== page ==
This Demonstration shows how a neural-network key exchange protocol for encrypted communication works using the Hebbian learning rule. The idea is: the person A wants to communicate with the person B, but they cannot exchange a key through a secure channel, so they set two topologically identical neural networks and evaluate them with the same inputs until the weights of their respective networks match.[more]
The "epoch" slider moves the system in time through the trained epochs while the "randomize" button creates a new configuration of the network. The system is said to be "paired" when the weights of both networks match. These networks are trained through 1000 epochs only and they may get stuck in a local minima state, so they may never come to a paired state.[less]
A and B set two neural networks with the same size and different random weights values with the property , where is the number of possible values the weight can take.
The algorithm is:
1. The input of the network is randomized with values .
2. Compute the value of the hidden neurons according to .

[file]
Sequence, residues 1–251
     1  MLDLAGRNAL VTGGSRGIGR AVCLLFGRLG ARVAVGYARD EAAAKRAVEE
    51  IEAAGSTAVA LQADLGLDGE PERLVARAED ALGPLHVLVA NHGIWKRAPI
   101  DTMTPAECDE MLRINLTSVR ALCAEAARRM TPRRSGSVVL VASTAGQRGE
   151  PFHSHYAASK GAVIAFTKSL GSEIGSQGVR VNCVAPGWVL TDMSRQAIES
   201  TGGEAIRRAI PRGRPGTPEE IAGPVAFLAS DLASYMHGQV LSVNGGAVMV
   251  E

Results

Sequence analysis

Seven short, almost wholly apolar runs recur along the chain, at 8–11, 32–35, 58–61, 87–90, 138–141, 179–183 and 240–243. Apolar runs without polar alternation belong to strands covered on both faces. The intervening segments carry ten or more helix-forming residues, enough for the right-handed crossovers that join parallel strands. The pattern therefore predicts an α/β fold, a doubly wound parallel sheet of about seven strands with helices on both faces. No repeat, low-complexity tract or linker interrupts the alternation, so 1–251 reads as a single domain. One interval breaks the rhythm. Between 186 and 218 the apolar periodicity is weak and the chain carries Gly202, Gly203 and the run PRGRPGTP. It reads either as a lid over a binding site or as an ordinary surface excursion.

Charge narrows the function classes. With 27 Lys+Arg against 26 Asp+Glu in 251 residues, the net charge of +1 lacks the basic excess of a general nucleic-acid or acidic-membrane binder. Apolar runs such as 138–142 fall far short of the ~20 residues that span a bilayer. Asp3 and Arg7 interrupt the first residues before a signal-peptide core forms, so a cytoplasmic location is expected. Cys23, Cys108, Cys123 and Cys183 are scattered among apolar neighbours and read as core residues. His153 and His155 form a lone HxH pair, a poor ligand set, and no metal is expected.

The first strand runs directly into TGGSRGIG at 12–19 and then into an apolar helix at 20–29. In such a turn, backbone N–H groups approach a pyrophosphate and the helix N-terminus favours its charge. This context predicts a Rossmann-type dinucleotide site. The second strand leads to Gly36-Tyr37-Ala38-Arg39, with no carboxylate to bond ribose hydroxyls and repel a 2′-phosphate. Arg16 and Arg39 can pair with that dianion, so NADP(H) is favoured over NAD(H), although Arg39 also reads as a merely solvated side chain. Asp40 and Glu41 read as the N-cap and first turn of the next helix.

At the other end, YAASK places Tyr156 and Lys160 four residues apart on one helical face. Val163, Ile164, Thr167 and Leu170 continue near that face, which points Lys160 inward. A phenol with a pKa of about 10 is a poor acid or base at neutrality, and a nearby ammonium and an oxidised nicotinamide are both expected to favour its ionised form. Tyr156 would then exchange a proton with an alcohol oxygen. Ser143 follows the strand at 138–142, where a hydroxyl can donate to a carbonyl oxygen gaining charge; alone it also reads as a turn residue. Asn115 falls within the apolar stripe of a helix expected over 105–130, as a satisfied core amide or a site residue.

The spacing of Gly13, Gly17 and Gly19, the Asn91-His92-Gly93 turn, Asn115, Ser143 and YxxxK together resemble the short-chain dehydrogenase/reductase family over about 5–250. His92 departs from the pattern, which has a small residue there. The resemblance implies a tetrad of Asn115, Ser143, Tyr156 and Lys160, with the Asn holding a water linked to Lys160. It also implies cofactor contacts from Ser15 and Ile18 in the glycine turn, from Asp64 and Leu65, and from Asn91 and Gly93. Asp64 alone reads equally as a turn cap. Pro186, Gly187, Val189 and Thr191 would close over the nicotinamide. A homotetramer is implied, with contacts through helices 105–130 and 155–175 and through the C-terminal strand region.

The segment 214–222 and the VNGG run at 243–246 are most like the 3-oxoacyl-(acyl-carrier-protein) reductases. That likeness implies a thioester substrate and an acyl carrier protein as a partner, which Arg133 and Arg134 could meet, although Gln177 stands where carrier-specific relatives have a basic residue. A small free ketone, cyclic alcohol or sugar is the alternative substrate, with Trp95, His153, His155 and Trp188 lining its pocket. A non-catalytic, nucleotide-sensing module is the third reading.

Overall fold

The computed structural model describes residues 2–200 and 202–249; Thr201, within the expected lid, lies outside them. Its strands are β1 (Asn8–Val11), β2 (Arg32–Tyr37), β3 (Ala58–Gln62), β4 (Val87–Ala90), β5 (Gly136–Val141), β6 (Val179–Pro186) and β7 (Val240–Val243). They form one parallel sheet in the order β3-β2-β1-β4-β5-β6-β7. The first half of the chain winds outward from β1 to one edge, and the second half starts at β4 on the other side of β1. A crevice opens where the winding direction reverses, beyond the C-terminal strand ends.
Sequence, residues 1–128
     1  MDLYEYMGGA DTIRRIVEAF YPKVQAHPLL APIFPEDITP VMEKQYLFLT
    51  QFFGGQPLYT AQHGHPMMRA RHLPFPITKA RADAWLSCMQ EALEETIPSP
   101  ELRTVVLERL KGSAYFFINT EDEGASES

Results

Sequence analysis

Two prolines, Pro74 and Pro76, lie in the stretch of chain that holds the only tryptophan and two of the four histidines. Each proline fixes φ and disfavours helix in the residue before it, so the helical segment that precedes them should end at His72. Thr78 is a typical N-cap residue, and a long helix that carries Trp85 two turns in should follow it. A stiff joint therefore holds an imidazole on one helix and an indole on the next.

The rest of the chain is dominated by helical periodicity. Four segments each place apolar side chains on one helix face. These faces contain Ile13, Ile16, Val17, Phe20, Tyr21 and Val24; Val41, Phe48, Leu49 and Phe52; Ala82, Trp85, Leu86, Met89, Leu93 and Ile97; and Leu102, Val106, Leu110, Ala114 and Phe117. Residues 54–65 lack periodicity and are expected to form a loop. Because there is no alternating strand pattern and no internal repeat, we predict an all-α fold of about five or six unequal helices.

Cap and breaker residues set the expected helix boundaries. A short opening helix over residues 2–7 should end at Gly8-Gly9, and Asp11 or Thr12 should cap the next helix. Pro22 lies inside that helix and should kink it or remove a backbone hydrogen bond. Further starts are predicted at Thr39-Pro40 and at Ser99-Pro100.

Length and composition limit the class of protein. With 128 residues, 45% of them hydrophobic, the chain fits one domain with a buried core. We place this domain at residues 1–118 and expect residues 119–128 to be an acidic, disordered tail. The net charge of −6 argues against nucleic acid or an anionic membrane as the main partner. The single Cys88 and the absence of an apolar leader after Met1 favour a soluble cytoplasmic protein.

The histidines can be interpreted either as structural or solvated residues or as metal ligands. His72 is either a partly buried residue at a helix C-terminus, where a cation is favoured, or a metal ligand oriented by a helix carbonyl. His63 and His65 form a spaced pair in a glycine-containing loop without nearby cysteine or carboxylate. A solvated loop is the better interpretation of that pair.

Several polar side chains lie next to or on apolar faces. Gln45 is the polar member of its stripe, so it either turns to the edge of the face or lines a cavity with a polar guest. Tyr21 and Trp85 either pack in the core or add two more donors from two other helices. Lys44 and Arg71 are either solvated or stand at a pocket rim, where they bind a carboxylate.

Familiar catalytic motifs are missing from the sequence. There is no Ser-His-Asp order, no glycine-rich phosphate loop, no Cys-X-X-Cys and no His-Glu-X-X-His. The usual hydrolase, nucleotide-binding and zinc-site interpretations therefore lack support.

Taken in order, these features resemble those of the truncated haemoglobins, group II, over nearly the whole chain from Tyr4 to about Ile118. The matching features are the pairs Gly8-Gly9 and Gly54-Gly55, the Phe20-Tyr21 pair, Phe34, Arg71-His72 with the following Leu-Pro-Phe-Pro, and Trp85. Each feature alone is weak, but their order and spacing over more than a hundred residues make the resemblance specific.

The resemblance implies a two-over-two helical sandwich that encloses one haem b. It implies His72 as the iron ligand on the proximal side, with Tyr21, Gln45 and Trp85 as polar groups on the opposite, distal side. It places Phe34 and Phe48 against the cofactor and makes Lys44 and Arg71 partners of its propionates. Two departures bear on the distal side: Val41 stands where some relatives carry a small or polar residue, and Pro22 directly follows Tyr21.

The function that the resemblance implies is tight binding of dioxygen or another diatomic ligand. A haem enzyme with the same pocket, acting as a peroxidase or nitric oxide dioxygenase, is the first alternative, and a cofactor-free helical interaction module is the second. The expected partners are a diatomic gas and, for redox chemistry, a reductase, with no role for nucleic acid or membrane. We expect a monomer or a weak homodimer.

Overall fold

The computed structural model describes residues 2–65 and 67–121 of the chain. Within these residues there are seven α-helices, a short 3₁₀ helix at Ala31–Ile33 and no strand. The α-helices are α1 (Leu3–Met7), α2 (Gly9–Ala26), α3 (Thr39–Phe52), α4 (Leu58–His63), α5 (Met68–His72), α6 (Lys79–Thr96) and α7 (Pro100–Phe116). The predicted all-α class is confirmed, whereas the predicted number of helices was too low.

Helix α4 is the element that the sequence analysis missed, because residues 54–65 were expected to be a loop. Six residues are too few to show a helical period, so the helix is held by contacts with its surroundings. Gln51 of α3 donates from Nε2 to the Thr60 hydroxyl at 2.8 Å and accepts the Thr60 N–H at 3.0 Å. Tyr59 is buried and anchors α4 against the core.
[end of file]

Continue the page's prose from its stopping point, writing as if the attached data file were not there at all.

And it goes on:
3. Compute the value of the output neuron .
4. Compare the outputs of both networks. If the outputs do not match, return to step 1. If they do match, update the weights of the network according to one of the following rules:
The Hebbian Learning Rule (used here):
The Anti-Hebbian Learning Rule:
5. Repeat the process until the weights of both neural networks are equal. The paired key is the value of the weights of the networks.
 Wikipedia. "Neural Cryptography." (May 19, 2011) en.wikipedia.org/wiki/Neural_cryptography.
 N. Prabakaran and P. Vivekanandan, "A New Security on Neural Cryptography with Queries," International Journal of Advanced Networking and Applications, 2(1), 2010 pp. 437-444.
 CyberTrone. "Neural Cyptography." The Code Project. (Aug 29, 2009) www.codeproject.com/KB/security/Neural_Cryptography1.aspx.